Music is in the air and it’s everywhere.(February/March 2015)


We arrived in Havana late in the evening, primarily due to a two hour ordeal getting through customs, immigration and baggage claim.

It wasn’t complicated just painstakingly slow.

When we were dropped off at our Casa Particular (private accommodation) it was in the right street, but both the name and numbers was different to what we were expecting.

We never did work out what happened.

We were in the old colonial area and every bar and restaurant had live music.

This was a theme that was repeated wherever we went.

Yes, there are the old American cars and a medley of architectural styles, but it’s the music that’s the soul of Havana.

Having said that, the diversity of architecture is a treat, yet there would be only one building in five hundred that has been renovated.

The rest are slowly decaying away.

There is a plan to return this city to its former glory but it’s a long, slow and costly exercise.

Eusebio Leal Spenger is the city’s historian who has been the mastermind behind the rejuvenation of Old Havana.

Not only is music in the air but so is the aroma of Cuban cigars.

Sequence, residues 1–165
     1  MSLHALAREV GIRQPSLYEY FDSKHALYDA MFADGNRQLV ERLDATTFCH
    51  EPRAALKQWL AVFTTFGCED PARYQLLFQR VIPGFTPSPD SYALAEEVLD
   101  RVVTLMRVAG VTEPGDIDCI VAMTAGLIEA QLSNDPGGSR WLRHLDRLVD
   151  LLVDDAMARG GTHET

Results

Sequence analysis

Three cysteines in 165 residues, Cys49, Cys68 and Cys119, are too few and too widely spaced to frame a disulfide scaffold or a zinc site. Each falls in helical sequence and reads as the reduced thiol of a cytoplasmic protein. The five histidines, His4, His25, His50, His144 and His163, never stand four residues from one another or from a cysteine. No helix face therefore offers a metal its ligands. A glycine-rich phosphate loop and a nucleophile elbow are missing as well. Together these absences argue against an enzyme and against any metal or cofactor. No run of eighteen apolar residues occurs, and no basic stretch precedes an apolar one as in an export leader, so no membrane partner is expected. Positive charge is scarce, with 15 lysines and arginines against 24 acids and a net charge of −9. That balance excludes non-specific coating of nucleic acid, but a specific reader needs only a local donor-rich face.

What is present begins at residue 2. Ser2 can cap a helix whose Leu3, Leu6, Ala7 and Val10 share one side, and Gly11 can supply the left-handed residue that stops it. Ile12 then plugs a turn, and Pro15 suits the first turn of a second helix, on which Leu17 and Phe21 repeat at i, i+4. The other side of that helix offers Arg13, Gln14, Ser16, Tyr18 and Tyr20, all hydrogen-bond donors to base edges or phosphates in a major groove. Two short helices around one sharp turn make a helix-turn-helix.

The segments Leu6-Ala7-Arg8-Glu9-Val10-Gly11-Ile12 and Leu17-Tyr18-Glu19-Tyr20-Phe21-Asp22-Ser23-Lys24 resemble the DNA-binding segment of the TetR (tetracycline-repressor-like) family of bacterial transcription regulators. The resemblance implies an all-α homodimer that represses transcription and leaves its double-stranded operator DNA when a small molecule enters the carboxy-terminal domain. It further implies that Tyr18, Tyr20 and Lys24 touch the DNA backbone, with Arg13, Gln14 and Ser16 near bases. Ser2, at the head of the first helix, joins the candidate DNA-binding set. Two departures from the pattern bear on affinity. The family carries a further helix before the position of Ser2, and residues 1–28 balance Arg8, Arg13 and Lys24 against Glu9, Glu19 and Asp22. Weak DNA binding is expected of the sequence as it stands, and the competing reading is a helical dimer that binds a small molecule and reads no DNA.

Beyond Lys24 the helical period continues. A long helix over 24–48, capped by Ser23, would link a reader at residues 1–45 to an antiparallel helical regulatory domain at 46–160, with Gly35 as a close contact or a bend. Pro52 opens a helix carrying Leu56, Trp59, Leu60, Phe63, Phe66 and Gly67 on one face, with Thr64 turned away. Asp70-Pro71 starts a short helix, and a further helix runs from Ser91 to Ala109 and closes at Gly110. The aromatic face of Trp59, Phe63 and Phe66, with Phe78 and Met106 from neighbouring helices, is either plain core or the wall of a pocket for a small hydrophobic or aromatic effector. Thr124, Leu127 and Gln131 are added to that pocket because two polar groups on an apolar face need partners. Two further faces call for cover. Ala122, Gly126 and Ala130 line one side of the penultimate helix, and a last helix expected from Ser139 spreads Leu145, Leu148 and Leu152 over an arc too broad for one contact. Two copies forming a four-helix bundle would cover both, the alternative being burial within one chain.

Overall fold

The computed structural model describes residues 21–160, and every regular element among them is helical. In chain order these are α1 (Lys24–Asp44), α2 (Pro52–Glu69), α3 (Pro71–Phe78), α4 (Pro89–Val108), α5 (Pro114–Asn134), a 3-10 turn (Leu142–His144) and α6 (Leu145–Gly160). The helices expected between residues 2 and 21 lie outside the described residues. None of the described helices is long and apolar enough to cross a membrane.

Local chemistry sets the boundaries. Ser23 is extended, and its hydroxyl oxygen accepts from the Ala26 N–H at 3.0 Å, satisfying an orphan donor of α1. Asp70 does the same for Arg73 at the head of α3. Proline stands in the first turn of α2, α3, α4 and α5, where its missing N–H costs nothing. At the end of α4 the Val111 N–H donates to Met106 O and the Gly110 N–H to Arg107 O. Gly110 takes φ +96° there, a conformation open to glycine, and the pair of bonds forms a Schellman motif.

Smoking is actively encouraged, especially a fine Montecristo.

On our first morning we took the Hop-on Hop-off bus around the city. At $5 per person it was the cheapest city tour we have ever had.

This gave us a good idea of the layout of Havana and meant we could plan where to explore further.

In the afternoon we did a city walk through Habana Vieja, the old colonial area and the part of the city that has undergone the most renovation.

We ended up in the Plaza Vieja and there discovered the Factoriea Plaza Vieja Micro Brewery. This is an inspired addition to the tourist agenda and it never seems to have a spare table.

This could have something to do with the five litre beer towers that the customers line up to try.

Another example of Havana’s hospitality creativity is La Imprenta, a restaurant just near Plaza Vieja. It was formally an old print house or newspaper as it has a type themed decor and a display of old printing equipment.

It only occupies the ground floor as the upper part of the building is just a shell – like many buildings around the city.

The quality of the interior design unfortunately didn’t run to the food, as it lacked flavour, even though it was well presented.

And much to Thea’s disgust, white wine wasn’t even on the menu – that’s like having a type library without Times New Roman.

La Imprenta is typical of many restaurants that have sprung up since Raul Castro took over power and encouraged privately owned business.

It will take time, and the development of a quality restaurant supply chain, before Cuba becomes known for its cuisine.

After dinner we walked to Plaza de San Francisco de Asis only to discover an exhibition of Buddy Bears. We had seen these in Kuala Lumpur in 2012.

Another result of Cuba’s isolation is the lack of Internet services.

The contemporary tourist relies heavily on being connected in order to plan their movements and stay in contact.